1989 Pichon-Lalande, Pauillac

SKU #950525 96 points Vinous

 Off the charts aromatic intensity, silky tannins and exceptional finesse give the 1989 much of its considerable allure. Crushed flowers, sweet red fruit, tobacco, cedar and incense are some of the many notes that waft from the glass, but it is the wine’s textural finesse that elevates it into the realm of the profound. Wonderfully alive and delineated in every way, the 1989 is one of many highlights on this magical afternoon. (AG)  (10/2017)

95 points Wine Spectator

 This has entered its secondary phase, with alluring notes of black tea, steeped plum, mulled spice and warm pain d'épices emerging from the core of supple plum, cassis and black cherry fruit. The long, fine-grained finish lets a perfumy singed cedar accent linger. A beauty. (JM, Web Only-2014)

94 points John Gilman

 As fine as the 1990 Pichon-Lalande showed at our tasting, the 1989 was a decided step up in terms of depth and vibrancy of fruit tone. The stunning nose soars from the glass in a complex blend of cassis, dark berries, coffee bean, tobacco leaf, gravelly soil tones, cigar smoke and toasty new oak. There is just greater delineation and purity to each aromatic element here vis à vis the 1990. On the palate the wine is deep, full-bodied, complex and sappy at the core, with outstanding soil signature, melting tannins, lovely focus and grip and a very, very long, refined and complex finish. This is one of the few 1989s that is not demonstrably younger than its 1990 counterpart, but it is a slightly finer, deeper and more pure example of its terroir. 1989 is a great vintage of Pichon-Lalande. Drink between 2012-2045. 94+  (7/2012)

93 points Robert Parker's Wine Advocate

 Approaching full maturity, Pichon-Lalande’s 1989 has a deep ruby/plum color with some lightening at the edge. The nose offers sweet plums and creme de cassis intermixed with vanilla and graphite. The wine is lush, medium to full-bodied, and layered with texture, low acidity, sweet tannin, and the hallmark purity and elegance this estate routinely produces. (RP)  (1/2003)

93 points Stephen Tanzer's International Wine Cellar

 Full, deep red. Flamboyant aromas of cassis, currant leaf, tobacco, herbs and animal fur. Sweet, lush and lively; already showing lovely inner-mouth aromatic character. Finishes long, strong and lively, with firm tannins and slow-mounting persistence. Earlier bottles of this wine appeared to be a bit more exotic, even slightly animal, but this offers a lovely combination of purity and sheer ripeness. (ST)  (7/2002)

K&L Notes

92 points Neal Martin's Wine Journal: "Tasted at the Chapon Fin restaurant in Bordeaux. This is a far better bottle than the one encountered last year and bore semblances to my more positive encounters several years ago. Here, the 1989 has that lovely bouquet of black fruits, black tea and loam, that blossoms from the glass with continued aeration. The palate has very well balanced, the tannins having mellowed in recent years with tobacco and mushroom towards the finish. This just has much more vigour than I anticipated, much more cohesion. Very fine indeed." (3/2012)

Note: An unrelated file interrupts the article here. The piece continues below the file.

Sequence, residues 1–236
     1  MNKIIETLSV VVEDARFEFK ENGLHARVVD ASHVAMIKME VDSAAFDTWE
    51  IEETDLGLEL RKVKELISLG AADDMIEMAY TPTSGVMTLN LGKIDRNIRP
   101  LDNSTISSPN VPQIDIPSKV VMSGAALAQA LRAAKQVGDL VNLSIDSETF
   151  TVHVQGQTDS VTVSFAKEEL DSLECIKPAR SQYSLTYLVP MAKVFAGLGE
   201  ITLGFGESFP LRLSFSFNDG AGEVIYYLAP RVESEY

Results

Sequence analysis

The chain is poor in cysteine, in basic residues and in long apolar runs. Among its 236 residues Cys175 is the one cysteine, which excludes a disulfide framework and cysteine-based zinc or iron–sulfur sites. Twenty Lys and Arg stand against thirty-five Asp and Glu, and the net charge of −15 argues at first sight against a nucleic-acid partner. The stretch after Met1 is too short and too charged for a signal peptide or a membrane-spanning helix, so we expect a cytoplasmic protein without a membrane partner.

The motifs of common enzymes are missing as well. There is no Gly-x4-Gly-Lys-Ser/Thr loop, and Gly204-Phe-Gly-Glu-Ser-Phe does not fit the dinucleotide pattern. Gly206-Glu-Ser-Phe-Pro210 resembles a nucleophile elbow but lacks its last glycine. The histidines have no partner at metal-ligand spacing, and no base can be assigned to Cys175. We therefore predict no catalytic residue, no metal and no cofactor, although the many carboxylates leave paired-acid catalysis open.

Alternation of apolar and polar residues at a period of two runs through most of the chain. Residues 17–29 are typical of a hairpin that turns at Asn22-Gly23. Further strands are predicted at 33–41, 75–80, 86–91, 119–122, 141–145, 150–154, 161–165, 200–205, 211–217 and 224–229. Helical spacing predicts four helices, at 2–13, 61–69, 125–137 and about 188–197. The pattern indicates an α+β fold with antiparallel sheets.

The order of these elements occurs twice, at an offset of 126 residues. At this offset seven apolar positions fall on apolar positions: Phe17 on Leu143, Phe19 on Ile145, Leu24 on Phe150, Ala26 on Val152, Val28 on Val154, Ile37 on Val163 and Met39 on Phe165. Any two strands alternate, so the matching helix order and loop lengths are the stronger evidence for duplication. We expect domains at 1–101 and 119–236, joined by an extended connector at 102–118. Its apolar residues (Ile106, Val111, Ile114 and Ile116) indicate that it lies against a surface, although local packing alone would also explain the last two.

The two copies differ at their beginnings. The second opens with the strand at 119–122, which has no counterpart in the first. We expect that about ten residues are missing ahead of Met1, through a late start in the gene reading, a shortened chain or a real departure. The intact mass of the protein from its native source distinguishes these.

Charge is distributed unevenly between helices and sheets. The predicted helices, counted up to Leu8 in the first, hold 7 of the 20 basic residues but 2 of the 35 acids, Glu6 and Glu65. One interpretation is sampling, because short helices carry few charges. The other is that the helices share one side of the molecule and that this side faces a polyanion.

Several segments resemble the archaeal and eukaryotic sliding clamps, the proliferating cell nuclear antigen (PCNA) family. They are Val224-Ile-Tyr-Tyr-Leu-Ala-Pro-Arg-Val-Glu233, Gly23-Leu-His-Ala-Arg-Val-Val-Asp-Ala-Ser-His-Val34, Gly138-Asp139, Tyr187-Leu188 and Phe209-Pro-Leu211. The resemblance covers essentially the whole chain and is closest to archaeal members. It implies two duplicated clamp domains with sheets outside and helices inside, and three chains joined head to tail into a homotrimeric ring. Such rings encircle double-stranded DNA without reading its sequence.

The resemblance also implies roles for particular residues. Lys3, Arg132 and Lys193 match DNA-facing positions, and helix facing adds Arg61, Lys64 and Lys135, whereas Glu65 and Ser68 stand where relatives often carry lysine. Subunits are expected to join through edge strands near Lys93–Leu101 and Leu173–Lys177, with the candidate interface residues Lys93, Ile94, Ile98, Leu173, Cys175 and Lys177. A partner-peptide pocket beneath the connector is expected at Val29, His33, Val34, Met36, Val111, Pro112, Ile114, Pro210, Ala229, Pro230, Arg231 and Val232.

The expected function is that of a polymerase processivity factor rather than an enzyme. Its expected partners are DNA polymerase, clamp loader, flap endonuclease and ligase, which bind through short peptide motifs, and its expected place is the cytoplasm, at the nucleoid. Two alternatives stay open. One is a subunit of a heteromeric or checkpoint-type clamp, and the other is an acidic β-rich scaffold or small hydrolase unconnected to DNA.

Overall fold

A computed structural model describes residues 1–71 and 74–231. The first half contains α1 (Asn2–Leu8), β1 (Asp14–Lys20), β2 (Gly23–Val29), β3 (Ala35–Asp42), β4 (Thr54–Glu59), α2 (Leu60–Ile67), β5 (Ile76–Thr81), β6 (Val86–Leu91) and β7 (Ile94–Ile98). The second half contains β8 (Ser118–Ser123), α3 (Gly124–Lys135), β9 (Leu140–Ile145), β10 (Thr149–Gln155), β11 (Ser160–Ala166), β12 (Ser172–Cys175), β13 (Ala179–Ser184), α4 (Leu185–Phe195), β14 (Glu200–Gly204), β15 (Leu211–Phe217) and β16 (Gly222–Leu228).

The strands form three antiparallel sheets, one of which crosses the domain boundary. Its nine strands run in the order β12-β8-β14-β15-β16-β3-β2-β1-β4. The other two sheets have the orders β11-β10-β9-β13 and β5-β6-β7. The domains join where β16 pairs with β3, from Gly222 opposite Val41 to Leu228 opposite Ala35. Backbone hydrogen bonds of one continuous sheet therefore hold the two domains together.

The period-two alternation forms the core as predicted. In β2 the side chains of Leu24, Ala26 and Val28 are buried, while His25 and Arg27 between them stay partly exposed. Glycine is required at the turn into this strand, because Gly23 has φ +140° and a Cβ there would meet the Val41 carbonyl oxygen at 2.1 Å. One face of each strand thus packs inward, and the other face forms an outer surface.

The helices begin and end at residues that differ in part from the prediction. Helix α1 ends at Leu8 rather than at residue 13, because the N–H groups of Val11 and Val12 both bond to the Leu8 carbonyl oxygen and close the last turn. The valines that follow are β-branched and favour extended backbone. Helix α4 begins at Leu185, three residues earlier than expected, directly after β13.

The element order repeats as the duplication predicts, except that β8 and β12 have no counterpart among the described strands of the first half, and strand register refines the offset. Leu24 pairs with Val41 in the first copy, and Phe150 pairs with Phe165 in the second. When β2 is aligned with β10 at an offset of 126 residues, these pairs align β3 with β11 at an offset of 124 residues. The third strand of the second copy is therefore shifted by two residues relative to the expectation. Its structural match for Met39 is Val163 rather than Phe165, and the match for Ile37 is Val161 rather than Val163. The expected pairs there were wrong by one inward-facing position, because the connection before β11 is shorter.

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Cabernet Sauvignon and Blends

- Cabernet Sauvignon has come a long way from its role as a blending varietal, however dominant, in the wines of Bordeaux. Today it is the most planted red varietal in the world. Identified as a descendent of Cabernet Franc and Sauvignon Blanc, the late-ripening Cabernet Sauvignon needs to be planted in warmer climates to fully ripen. Its small berries can easily be identified for their distinctive blue color, thick skins and high tannins. And while the varietal has its own definitive characteristics: green pepper-like aromas and black currant flavors among them, it is perhaps most prized for its ability to convey terroir, vintage and winemaking. A relatively new varietal, Cabernet Sauvignon started making inroads into the wines of the Médoc and Graves in the late-18th century. Today it is also dominant in the up-and-coming Entre-Deux-Mers region of Bordeaux and can also be found in Southwest France. It is the companion varietal to Sangiovese in Italy's Super Tuscans and is planted all over Europe, stretching to lesser-known winegrowing regions like Russia and Lebanon. In the Americas Cabernet Sauvignon has found champions in every nook and cranny of California and among winemakers in Washington, where it complements plantings of Merlot. In South America, Cab thrives in Chile, but can also be found in smaller amounts in Argentina and even in Mexico.


- When it comes to wine, France stands alone. No other country can beat it in terms of quality and diversity. And while many of its Region, Bordeaux, Burgundy and Champagne most obviously, produce wine as rare, as sought-after and nearly as expensive as gold, there are just as many obscurities and values to be had from little known appellations throughout the country. To learn everything there is to know about French wine would take a lifetime. To understand and appreciate French wine, one only has to begin tasting them.


Specific Appellation:


- Pauillac is probably the most famous village in Bordeaux. Located between St. Julien and St. Estephe, it has more of the top ranked chateau than the other four appellations of the Haut Medoc. This area has three of the five premier cru classe wineries: Lafite Rothschild, Latour, and Mouton Rothschild. There are two of the top second-growths (Pichon Lalande and Pichon Baron) as well as several outstanding fourth and fifth-growth chateaux including Lynch Bages. Because of the gravely soils and great drainage, Pauillac has the ideal conditions to grow great Cabernet Sauvignon. The wines from this village are some of the longest-lived in Bordeaux.